By James M. Rochford

To summarize the key teachings of Calvinism, theologians often refer to the TULIP acronym. This helps us understand the different aspects of Calvinism and Arminianism.

Total depravity

Westminster Confession: “Man by his fall into a state of sin, hath wholly lost all ability of will to any spiritual good accompanying salvation; so as a natural man, being altogether averse from good, and dead in sin, is not able, by his own strength, to convert himself, or to prepare himself thereunto” (Westminster Confession of Faith, 9.3).

Scripture describes humans as evil, deceived, and corrupt (Gen. 6:5; 8:21; Jer. 17:9; Mk. 7:21). Since humans are so evil, they cannot respond to God. Sinners are so depraved that they are unable to “seek for God” (Rom. 3:11-12), and they are spiritually dead (Rom. 5:12; Eph. 2:1-3; Col. 2:13). Just as dead people cannot cause themselves to come to physical life, sinful humans cannot cause themselves to come alive to spiritual life.

Arminian view: Arminians agree that “none seek for God” (Rom. 3:10-12). They agree that no one would come to Christ, unless he was drawn (Jn. 6:44, 65). However, they believe that God is drawing “all men” to himself (Jn. 12:32; 16:8). Therefore, because all men are being drawn through prevenient grace, they have the ability to exercise faith. Arminianism denies that faith is a work, since faith and works are constantly contrasted in the Bible (Rom. 4:4-5; Gal. 2:16).

Unconditional Election

Westminster Confession: “Those of mankind that are predestined to life, God, before the foundation of the world was laid, according to His eternal and immutable purpose, and the secret counsel of good pleasure of His will, has chosen, in Christ, to everlasting glory, out of His mere free grace and love, without any foresight of faith, or good works, or Perseverance in either of them, or any other thing in the creature, as conditions, or causes moving Him thereunto; and all to the praise of His glorious grace” (Westminster Confession of Faith, 3.5).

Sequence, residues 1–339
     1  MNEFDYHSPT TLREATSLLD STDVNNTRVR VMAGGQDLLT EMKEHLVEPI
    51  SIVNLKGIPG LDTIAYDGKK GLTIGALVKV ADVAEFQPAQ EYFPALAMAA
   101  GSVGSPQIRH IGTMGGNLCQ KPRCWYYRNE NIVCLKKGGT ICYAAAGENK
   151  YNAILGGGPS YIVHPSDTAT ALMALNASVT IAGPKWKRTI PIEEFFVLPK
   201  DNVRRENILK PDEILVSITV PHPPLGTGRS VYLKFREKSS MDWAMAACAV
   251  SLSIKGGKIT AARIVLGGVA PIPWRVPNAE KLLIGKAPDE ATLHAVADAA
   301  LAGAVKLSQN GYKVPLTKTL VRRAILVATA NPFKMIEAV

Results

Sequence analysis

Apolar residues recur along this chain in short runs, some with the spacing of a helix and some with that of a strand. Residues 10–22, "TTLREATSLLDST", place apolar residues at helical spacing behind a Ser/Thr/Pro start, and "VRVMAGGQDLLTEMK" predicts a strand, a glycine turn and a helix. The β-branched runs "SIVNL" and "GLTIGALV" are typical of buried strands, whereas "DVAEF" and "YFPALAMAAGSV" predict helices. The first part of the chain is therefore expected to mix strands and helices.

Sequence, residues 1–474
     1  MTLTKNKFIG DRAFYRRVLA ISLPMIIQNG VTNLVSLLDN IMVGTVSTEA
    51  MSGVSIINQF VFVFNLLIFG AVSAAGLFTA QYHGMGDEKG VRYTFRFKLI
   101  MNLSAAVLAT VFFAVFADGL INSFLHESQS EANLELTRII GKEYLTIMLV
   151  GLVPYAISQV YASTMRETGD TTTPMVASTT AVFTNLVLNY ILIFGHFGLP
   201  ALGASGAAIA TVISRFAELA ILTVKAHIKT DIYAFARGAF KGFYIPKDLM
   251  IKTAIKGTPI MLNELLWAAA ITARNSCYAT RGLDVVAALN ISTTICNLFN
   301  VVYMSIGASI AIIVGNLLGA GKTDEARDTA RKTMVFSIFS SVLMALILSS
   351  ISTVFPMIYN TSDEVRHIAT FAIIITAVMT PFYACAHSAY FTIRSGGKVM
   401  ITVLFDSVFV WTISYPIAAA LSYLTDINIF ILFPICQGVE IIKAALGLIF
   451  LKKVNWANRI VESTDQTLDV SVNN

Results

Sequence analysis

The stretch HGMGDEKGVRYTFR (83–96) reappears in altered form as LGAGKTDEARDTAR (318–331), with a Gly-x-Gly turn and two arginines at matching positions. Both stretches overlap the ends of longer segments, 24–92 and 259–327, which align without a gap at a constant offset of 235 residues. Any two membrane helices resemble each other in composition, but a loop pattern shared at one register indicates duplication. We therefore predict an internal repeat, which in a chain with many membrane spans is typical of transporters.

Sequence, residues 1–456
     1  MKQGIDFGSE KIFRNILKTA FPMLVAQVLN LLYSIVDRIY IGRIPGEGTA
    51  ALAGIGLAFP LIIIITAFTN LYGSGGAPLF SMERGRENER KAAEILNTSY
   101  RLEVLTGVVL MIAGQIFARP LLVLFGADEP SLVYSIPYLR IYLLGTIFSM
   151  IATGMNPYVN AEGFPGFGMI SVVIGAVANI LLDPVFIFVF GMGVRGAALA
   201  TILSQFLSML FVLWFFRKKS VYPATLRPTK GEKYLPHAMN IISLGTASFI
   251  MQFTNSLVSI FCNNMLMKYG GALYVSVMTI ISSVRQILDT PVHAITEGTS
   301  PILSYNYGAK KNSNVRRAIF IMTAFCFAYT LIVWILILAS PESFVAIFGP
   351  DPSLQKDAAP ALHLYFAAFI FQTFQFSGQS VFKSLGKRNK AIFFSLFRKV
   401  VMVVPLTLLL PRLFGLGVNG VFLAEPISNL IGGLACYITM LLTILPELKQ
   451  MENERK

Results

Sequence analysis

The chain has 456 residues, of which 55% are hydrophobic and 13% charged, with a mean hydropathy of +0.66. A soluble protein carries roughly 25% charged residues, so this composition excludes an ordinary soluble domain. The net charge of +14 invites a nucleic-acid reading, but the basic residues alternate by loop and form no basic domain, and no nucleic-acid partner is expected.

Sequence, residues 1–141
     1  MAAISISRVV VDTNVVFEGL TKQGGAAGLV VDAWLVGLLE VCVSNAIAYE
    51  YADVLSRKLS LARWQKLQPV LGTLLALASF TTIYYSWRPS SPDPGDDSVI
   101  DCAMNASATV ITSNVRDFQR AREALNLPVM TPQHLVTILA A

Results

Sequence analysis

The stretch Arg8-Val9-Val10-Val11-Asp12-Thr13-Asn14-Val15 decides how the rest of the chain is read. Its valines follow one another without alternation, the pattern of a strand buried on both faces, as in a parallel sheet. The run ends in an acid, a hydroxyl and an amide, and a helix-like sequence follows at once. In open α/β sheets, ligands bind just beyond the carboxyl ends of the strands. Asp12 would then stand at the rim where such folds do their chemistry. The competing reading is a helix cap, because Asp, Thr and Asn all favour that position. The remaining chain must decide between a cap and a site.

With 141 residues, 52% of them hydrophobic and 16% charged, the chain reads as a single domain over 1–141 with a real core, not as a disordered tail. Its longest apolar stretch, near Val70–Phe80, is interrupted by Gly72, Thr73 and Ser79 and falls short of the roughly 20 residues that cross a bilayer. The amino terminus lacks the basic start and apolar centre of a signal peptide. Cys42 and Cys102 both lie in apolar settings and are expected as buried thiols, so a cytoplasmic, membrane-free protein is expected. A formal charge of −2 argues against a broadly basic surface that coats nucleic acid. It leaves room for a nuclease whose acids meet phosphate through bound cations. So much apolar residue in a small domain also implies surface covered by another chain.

Salvation is not dependent on man’s freewill to choose it. If human-generated faith plays a part in salvation, salvation would not be entirely by grace (Eph. 1:4-5; 2:8-9; Rom. 9:16-24). Jesus taught that “all” that the Father gave to him would be raised up on the last day (Jn. 6:37-39). God foreordains those who will come to Christ (Rom. 8:28-33). God has an “elect” people (Mt. 24:22-24, 31; Rom. 11:5), whom he has “chosen” (Eph. 1:4, 11; 1 Thess. 1:4-5; 2 Thess. 2:13; 1 Pet. 1:1-2). God has “appointed” some for eternal life (Acts 13:48). God chooses the elect based on his divine will—not based on anything in the sinner (Rom. 9:11-13, 16). The reason some people do not believe is because they are not those for whom Christ died (Jn. 10:26).

Arminian view: God chooses us “in Christ” (Eph. 1:3-4). Because Jesus was “chosen,” believers are chosen “in Him.” God does give one condition for salvation: faith (Eph. 1:13; Rom. 3:28).

Limited Atonement

Jesus only died for the sins of the elect—not the entire world. Jesus didn’t try to save us through his atoning death; he actually saved us. Jesus didn’t make salvation possible, but actual. Various passages state that Jesus died for “his sheep” (Jn. 10:11, 14-15), for “his people” (Mt. 1:21), and for “the church of God” (Acts 20:28; Eph. 5:25). Furthermore, as John Owen argued,[1] Christ must have only paid for the sins of the elect. Otherwise, there would be a “double payment” for people who reject Christ’s offer. That is, Jesus paid for their sins, and then, they would pay for their sins as well.

Arminian view: Christ died for the whole human race, even if they reject his offer of salvation (Jn. 1:29; 1 Jn. 2:2; 2 Cor. 5:19; 1 Tim. 4:10; Heb. 2:9; Titus 2:11; Mt. 11:28-29; Acts 17:30; cf. Ps. 145:9).

Irresistible Grace